An event planner has the ultimate timeline.

By Jillian Kramer
January 13, 2020

When it comes to your child's birthday, no detail will be spared, including when to mail—yes, mail—the party invitations. "In a world where social media rules and everything happens online, [mailing invites] is a great, personalized way to let guests know about the party," says Melanie Tindell, owner and event planner at Oak + Honey Event Planning Co. in Cleveland, Ohio. Not only that, but physical invitations can be keepsakes in a scrapbook for your children.

The perfect time to head to the post office is about four weeks before the event, Tindell says. "This is enough time for guests to determine if they can make it, because their schedules are typically already set for the month ahead," she says, "and party hosts are more likely to get a faster turnaround of RSVPs and 'yes' responses if you stick with a four-week turnaround time."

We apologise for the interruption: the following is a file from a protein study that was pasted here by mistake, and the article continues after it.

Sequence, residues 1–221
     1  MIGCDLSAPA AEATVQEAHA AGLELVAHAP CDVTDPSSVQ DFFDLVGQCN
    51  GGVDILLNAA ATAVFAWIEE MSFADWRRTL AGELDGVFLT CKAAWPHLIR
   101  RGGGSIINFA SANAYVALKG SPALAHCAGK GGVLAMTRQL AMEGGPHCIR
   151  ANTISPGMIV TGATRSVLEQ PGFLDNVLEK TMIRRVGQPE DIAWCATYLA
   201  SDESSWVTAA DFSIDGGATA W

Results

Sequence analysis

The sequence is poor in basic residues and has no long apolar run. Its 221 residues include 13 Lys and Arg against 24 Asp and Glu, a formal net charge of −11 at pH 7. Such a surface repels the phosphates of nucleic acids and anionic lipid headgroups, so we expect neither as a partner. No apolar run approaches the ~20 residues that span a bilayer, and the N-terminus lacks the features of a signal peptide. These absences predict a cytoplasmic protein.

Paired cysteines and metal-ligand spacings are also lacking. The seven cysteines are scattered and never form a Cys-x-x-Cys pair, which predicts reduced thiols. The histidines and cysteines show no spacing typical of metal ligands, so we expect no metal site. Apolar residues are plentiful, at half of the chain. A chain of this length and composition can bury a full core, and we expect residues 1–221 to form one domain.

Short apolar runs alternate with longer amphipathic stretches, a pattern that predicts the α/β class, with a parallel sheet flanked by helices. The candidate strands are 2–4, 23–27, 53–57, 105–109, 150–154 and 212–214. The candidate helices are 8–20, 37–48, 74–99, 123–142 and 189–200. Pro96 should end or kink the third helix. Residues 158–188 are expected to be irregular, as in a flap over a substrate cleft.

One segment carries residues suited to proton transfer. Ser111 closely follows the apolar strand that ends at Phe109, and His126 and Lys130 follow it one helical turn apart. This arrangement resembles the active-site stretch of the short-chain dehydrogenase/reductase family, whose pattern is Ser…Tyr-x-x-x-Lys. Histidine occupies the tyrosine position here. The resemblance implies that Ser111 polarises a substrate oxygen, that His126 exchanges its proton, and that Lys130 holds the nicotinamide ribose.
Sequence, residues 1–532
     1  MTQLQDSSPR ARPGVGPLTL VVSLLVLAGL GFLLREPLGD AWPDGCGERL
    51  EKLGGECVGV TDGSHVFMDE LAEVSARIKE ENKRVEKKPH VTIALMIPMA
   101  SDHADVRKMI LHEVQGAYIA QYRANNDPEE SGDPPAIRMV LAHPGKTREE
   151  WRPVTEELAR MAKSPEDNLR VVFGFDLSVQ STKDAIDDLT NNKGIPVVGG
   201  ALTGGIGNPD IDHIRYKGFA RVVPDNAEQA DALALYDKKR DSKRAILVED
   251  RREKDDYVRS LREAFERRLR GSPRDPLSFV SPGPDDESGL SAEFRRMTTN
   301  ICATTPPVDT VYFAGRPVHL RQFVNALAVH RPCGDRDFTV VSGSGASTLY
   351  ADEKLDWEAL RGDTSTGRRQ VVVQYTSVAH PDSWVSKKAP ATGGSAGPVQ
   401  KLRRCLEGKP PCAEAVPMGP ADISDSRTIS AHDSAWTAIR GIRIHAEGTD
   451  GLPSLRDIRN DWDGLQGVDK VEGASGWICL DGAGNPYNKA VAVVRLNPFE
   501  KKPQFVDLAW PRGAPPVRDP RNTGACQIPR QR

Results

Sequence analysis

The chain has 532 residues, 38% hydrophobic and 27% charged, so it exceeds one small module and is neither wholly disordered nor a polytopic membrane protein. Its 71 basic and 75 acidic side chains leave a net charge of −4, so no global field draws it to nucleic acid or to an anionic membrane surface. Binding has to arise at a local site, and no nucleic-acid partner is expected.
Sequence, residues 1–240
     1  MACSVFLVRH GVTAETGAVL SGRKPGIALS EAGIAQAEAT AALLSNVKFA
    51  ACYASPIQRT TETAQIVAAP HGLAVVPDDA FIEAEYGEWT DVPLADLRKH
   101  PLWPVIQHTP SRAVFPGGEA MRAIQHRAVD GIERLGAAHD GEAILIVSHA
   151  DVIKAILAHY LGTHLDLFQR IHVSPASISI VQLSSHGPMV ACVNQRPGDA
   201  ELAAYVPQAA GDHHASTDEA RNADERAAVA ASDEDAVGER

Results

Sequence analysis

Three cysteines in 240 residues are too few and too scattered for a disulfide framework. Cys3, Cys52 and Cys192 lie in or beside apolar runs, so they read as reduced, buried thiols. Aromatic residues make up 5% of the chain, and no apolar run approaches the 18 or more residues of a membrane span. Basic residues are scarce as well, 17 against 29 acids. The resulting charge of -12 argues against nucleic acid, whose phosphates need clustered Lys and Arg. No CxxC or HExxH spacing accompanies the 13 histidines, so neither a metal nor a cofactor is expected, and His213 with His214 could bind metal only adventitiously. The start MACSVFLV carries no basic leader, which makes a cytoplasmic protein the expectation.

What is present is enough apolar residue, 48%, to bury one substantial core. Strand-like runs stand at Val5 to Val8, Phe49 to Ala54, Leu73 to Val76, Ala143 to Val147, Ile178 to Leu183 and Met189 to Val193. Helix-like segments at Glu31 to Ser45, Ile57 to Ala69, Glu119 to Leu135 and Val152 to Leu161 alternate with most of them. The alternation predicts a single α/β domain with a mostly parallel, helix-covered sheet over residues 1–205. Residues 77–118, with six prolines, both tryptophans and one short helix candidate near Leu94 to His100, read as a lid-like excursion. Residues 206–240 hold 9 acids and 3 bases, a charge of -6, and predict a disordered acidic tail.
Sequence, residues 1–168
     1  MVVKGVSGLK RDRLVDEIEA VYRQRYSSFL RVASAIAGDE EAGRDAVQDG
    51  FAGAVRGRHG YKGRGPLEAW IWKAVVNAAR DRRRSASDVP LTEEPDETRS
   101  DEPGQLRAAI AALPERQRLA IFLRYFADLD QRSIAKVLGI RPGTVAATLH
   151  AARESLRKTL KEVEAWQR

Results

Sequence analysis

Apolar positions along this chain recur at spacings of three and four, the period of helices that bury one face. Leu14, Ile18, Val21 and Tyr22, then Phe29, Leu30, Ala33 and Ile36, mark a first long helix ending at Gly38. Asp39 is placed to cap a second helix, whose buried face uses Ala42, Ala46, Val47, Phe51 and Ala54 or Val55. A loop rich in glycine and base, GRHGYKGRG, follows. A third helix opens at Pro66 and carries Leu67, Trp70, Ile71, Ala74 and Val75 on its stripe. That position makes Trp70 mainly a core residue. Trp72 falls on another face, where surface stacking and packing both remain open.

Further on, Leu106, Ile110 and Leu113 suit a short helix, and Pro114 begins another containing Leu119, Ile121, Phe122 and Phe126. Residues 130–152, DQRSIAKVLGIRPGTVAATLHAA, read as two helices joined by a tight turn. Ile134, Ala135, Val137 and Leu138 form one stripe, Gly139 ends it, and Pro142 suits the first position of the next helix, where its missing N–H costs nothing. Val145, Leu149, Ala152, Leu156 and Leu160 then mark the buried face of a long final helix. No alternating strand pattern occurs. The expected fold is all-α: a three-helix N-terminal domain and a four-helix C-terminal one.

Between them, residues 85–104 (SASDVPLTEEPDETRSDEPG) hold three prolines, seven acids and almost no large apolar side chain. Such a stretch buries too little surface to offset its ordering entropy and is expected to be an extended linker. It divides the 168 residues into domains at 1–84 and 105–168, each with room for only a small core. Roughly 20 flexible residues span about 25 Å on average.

Related: See How Martha Hosted Jude's First Birthday Party

To make sure you don't cut things too close, don't mail invitations any later than two weeks before the party. "Any shorter of a time frame is too close to the date and guests may already have plans and are unable to attend," says Tindell. If you forgot to drop them in the mail and only have a couple weeks to go, consider using a digital invitation at that point, Tindell says.

But don't send them out too soon, either: Eight weeks would be the farthest out you could let guests know about an upcoming party. "You take the chance of guests forgetting about the party if it is mailed too early or guests not knowing their plans and forgetting to RSVP," Tindell says. (But don't try to avoid lost cards or long post office lines by passing out invitations in school or daycare. Kids who aren't invited could see the invitations being handed out, Tindell points out, which could hurt their feelings.)

When you prepare your invitations for the mail, consider asking your kids to address them, she suggests, for a personal touch. Or "put their handprint on the back with paint," Tindell says. Then, make sure you check the invitations' weight before you put on postage. Some children's invitations can get heavy. And, as she points out, you don't want it returned to you because of lack of postage.

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